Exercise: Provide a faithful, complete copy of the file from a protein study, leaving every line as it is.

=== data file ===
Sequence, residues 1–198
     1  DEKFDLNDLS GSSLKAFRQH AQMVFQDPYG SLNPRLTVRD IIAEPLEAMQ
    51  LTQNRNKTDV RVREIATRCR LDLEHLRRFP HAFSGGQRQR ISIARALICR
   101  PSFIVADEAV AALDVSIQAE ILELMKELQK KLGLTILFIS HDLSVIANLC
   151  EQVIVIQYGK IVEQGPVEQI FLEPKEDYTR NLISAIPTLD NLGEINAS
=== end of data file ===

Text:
Sequence, residues 1–198
     1  DEKFDLNDLS GSSLKAFRQH AQMVFQDPYG SLNPRLTVRD IIAEPLEAMQ
    51  LTQNRNKTDV RVREIATRCR LDLEHLRRFP HAFSGGQRQR ISIARALICR
   101  PSFIVADEAV AALDVSIQAE ILELMKELQK KLGLTILFIS HDLSVIANLC
   151  EQVIVIQYGK IVEQGPVEQI FLEPKEDYTR NLISAIPTLD NLGEINAS